Friday, May 20, 2016


Read Him, Not About Him

Edward Dahlberg (1900-1977), Alms for Oblivion (Minneapolis: University of Minnesota Press, 1964), p. 17:
[Sherwood] Anderson did not have the speculative intellect of a Plato, but he had the natural integrity of a fine elm, or a fertile sow, or a potato; he had a burly, carnal mind which was always very close to his urgent, lustful hands and nose, and his books he begat, rather than wrote.
Id., p. 19:
The way to understand a man like Anderson is not to read about him but to read him. Reading him, you find that all those workinghand words of his are redolent of hay and grass and midwest stables. Get Winesburg, Ohio, or Poor White, or Tar, or the Notebook, or his still unrecognized verse, A New Testament and Mid-American Chants. Anderson's books have the heady pollen of good orchards. Aristotle says that the pleasure we take in smelling apples is good, but that an interest in unguents is a sign of debauchery.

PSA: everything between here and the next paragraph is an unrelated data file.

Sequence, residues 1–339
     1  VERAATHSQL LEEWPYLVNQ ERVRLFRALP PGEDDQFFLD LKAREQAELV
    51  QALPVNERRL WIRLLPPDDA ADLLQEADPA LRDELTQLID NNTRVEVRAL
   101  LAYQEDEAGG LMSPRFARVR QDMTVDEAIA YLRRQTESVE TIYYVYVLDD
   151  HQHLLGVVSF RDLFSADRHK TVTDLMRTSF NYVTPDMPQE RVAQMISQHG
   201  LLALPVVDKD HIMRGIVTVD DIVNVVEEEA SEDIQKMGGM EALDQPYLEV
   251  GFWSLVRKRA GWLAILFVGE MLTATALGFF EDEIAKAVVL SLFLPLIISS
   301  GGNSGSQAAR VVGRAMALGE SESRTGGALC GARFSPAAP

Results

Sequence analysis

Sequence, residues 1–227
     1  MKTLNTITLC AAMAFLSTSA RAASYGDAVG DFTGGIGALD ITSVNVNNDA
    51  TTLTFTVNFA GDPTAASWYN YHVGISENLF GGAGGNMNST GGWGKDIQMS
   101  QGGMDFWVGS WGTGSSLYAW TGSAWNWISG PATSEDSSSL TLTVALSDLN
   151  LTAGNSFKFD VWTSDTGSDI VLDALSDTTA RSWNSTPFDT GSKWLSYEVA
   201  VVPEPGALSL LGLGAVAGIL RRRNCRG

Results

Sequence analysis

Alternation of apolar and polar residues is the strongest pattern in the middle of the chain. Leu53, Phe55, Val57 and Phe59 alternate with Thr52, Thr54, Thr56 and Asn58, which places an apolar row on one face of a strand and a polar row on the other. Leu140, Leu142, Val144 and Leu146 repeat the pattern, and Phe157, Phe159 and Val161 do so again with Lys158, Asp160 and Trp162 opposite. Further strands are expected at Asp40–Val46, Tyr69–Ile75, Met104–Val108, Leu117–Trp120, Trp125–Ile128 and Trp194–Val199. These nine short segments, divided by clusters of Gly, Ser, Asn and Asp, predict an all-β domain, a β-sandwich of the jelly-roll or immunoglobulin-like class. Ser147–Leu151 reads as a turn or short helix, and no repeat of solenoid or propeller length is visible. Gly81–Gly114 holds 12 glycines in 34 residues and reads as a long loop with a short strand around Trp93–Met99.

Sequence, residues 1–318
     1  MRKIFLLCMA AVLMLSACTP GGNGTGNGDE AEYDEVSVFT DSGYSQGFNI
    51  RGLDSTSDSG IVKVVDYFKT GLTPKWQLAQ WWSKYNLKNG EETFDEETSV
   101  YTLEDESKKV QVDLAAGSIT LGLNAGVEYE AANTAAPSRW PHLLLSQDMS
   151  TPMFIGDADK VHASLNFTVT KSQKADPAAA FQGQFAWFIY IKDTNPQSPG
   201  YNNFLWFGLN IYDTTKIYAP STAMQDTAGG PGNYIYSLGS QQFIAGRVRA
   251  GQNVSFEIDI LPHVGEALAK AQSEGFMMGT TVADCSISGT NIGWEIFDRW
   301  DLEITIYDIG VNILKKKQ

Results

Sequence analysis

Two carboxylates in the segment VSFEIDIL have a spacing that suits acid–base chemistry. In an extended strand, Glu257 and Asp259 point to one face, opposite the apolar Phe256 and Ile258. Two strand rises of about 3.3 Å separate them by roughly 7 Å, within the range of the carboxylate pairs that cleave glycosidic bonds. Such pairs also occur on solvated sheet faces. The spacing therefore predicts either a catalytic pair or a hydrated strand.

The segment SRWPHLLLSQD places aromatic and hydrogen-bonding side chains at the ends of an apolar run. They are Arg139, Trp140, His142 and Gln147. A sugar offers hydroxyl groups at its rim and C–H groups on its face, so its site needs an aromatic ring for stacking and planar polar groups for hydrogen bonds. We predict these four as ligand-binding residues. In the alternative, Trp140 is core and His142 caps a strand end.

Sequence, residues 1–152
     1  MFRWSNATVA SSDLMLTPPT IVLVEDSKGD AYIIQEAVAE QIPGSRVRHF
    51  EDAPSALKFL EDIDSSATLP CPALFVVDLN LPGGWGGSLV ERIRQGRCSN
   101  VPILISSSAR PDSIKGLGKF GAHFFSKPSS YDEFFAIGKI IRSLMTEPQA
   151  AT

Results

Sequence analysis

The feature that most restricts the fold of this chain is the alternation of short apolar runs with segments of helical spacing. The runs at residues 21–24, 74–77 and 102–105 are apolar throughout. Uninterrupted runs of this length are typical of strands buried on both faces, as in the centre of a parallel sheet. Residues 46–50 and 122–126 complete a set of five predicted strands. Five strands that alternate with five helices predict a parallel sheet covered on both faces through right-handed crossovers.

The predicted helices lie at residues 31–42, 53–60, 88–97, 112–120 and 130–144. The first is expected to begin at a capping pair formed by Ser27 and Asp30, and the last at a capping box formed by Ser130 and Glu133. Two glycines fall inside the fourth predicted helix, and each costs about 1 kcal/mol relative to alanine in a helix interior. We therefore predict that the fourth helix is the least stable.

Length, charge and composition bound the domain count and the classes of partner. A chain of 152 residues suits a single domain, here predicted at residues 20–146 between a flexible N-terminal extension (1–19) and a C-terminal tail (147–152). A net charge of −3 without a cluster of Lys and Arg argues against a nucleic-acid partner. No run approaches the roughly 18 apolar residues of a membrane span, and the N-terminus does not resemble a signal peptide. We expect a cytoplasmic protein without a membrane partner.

The reference is to Aristotle, Nicomachean Ethics 3.10.5 (1118a; tr. W.D. Ross):
We do not call those self-indulgent who delight in the odour of apples or roses or incense, but rather those who delight in the odour of unguents or of dainty dishes.

τοὺς γὰρ χαίροντας μήλων ἢ ῥόδων ἢ θυμιαμάτων ὀσμαῖς οὐ λέγομεν ἀκολάστους, ἀλλὰ μᾶλλον τοὺς μύρων ἢ ὄψων.
"The way to understand a man like Anderson is not to read about him but to read him"—excellent counsel! Read Homer, not books about Homer, Plato, not books about Plato, etc.

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